Monday Sports Wrap-Up: Kobe Returns, Gronk Exits
Here's what you missed this weekend in sports:
Sunday night saw the beginning of a new chapter in Kobe Bryant's storied career, Yahoo Sports' Adrian Wojnarowski writes, as the Los Angeles Lakers star stepped onto a court for the first time since tearing his Achilles tendon eight months ago. During his long journey back, Bryant was forced to confront his own basketball mortality, acknowledging the need for his game to evolve to accommodate the inevitable physical limitations of age. He's proved in the past that he's capable of adapting, using an injury to his right wrist as an opportunity to develop his left-handed shooting skills. He still has a long road ahead, scoring just nine points and committing eight turnovers in last night's 106-94 loss to the Toronto Raptors. For the first time in his career, it's unclear just where Bryant fits into the Lakers, a group of scrappy overachievers with whom he has yet to build chemistry.
New England Patriots tight end Rob Gronkowski suffered a torn ACL yesterday after a hard hit to the knees by Cleveland Browns safety T.J. Ward. After the game, a clearly remorseful Brown told ESPN's Pat McManamon that he made a conscious decision to go low in light of the NFL's rules against above-the-shoulder hits. "We have to play the way that they force us to," he said. We should expect to see more of these situations as the NFL takes stronger measures to appease the critics of league safety given the controversy over player concussions. Cracking down on shots to the head, however, moves hits lower and lower, and can have the unintended consequence of dangerous hits to the knees, with defensive players striving to avoid the fines and suspensions that have been generously doled out for contact anywhere in the vicinity of the head, neck or shoulders. Gronkowski's injury is unfortunate, but might urge the league to evaluate how best to address concussions without further endangering those on the field, given the magnitude of the player in question and the effect it will surely have on the AFC playoff picture.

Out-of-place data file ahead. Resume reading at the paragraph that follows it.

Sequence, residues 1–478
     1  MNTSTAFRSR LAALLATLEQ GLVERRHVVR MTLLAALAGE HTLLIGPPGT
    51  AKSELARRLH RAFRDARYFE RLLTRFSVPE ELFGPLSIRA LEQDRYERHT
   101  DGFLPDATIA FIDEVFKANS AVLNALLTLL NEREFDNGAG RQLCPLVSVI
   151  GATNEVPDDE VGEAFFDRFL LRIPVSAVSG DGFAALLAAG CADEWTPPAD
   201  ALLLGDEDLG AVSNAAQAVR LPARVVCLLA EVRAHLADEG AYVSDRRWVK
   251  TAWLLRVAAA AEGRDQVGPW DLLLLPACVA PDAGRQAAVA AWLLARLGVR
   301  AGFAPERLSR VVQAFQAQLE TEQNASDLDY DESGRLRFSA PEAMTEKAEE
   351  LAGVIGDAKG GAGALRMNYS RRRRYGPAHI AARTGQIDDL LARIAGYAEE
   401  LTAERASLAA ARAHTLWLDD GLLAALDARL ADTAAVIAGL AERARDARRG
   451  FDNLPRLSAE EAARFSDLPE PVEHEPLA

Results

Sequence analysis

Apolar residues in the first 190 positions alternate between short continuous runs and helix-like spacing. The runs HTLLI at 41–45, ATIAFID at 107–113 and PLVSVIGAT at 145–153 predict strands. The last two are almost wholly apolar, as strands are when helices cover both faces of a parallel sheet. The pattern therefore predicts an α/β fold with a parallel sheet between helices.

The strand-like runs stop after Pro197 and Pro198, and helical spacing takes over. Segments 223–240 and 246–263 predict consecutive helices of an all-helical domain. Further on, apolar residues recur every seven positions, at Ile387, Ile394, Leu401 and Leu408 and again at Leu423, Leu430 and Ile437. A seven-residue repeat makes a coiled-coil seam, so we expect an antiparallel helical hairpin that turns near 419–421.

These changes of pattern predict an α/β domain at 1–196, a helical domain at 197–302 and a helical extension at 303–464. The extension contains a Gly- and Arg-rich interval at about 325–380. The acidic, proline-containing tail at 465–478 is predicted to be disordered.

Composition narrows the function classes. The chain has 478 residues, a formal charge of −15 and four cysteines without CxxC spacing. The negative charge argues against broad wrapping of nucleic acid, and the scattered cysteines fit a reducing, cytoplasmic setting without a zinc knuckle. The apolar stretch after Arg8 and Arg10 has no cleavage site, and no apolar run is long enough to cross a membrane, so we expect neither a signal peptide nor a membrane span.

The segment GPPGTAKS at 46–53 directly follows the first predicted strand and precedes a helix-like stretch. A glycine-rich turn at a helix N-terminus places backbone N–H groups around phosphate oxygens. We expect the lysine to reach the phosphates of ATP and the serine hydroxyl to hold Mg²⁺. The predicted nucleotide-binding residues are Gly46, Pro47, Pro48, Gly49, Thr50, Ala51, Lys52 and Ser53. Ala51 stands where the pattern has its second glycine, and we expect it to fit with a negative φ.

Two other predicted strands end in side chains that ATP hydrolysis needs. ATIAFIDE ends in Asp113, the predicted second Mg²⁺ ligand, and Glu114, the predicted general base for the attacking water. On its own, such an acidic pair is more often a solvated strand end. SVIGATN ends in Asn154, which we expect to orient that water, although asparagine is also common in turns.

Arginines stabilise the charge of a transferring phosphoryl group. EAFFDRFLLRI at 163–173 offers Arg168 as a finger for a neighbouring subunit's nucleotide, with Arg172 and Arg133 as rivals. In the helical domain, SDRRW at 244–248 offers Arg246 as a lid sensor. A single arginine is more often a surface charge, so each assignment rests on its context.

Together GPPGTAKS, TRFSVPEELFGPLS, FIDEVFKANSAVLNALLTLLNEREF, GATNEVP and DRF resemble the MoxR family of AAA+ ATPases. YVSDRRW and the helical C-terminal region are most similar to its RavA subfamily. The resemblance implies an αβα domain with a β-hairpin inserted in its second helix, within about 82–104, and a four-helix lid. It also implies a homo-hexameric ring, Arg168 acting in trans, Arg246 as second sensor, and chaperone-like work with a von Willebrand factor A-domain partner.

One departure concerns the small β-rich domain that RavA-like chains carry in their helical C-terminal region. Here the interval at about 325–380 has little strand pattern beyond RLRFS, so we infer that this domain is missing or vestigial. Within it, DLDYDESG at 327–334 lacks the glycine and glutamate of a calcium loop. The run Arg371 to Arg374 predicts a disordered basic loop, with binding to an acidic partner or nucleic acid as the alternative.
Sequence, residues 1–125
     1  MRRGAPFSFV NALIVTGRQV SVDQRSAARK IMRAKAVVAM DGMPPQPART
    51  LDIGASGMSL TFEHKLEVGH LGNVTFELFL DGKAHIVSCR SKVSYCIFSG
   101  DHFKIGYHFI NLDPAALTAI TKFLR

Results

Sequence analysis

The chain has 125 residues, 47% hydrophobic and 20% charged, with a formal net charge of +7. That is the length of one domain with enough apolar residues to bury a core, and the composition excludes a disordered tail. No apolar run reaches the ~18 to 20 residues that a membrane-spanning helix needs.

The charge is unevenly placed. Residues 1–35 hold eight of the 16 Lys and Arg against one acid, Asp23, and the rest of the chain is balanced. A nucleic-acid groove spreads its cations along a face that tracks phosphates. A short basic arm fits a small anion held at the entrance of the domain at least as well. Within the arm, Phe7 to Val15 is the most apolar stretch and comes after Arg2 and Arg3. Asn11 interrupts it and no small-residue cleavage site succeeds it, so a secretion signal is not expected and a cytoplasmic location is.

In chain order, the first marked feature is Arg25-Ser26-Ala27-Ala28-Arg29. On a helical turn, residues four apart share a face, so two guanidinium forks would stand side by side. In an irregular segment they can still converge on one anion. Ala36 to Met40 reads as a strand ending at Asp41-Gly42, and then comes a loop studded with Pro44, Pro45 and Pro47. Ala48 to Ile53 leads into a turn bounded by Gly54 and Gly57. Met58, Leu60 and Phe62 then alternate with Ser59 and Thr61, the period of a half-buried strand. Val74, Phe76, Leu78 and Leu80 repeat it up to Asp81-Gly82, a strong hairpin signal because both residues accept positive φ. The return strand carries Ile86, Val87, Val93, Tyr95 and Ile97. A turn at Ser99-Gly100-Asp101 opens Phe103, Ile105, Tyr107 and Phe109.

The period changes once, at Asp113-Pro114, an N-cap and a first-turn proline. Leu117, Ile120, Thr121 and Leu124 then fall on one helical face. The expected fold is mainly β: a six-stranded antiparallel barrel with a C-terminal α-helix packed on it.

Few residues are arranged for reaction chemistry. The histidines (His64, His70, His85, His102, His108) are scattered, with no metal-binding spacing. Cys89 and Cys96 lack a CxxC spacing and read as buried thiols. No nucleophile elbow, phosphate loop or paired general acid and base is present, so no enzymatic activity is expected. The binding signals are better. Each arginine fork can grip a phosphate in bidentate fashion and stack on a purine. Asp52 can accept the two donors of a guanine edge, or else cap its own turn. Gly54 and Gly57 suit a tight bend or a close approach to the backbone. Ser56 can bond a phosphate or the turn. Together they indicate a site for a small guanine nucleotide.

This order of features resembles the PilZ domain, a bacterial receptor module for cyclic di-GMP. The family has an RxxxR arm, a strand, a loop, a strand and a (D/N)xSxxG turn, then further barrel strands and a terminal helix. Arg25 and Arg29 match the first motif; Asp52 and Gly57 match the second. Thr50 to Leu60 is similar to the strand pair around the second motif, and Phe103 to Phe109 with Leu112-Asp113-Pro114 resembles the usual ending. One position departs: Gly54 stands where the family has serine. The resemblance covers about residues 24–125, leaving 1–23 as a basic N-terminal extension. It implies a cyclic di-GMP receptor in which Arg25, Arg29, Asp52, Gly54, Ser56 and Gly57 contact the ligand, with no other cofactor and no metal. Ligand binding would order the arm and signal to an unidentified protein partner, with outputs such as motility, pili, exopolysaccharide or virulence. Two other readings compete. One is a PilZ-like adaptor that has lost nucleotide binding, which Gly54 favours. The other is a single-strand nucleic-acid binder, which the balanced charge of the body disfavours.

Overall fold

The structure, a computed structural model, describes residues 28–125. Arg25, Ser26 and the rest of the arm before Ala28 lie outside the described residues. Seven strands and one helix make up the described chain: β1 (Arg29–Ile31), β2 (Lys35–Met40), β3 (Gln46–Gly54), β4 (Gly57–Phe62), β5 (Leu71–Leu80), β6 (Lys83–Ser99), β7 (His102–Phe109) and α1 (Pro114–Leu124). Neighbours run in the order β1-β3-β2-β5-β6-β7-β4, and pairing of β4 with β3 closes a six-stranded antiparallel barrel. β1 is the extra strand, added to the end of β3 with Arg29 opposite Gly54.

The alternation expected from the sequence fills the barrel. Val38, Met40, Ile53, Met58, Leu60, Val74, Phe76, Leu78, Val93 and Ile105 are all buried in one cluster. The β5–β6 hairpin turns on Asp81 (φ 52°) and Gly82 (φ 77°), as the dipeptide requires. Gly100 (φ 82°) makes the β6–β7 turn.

The BCS National Championship Game gets an uncontroversial pairing, with the consensus top-two seeds facing each other in Florida State and Auburn. Fresh off escaping sexual assault charges, Jameis Winston and FSU flexed their muscle against Duke, while Tre Mason and Auburn outlasted Missouri and received some help from Michigan State, who defeated then-No. 2 Ohio State. As the Washington Post's John Feinstein notes, however, the fact that voters didn't have to strain to choose this year's matchup isn't proof that the system works, but rather a happy accident. Had Ohio State won, there would have been something poetic about voters having to choose between an undefeated team and a one-loss team for a tournament whose selection process is as polarizing as the teams playing in it. We'll just have to sit and watch a great matchup in a title game that's sure to be a shootout, waiting for next year when college football fans can finally experience at least a semblance of a real playoff.